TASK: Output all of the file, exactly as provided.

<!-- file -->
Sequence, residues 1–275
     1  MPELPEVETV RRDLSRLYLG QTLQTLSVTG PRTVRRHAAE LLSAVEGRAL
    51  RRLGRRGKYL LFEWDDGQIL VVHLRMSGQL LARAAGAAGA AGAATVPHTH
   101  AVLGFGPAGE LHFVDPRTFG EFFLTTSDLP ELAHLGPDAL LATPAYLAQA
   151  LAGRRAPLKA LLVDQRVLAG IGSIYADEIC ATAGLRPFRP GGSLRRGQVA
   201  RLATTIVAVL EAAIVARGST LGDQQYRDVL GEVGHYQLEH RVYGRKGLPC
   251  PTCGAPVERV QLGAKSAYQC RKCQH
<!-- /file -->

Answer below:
Sequence, residues 1–275
     1  MPELPEVETV RRDLSRLYLG QTLQTLSVTG PRTVRRHAAE LLSAVEGRAL
    51  RRLGRRGKYL LFEWDDGQIL VVHLRMSGQL LARAAGAAGA AGAATVPHTH
   101  AVLGFGPAGE LHFVDPRTFG EFFLTTSDLP ELAHLGPDAL LATPAYLAQA
   151  LAGRRAPLKA LLVDQRVLAG IGSIYADEIC ATAGLRPFRP GGSLRRGQVA
   201  RLATTIVAVL EAAIVARGST LGDQQYRDVL GEVGHYQLEH RVYGRKGLPC
   251  PTCGAPVERV QLGAKSAYQC RKCQH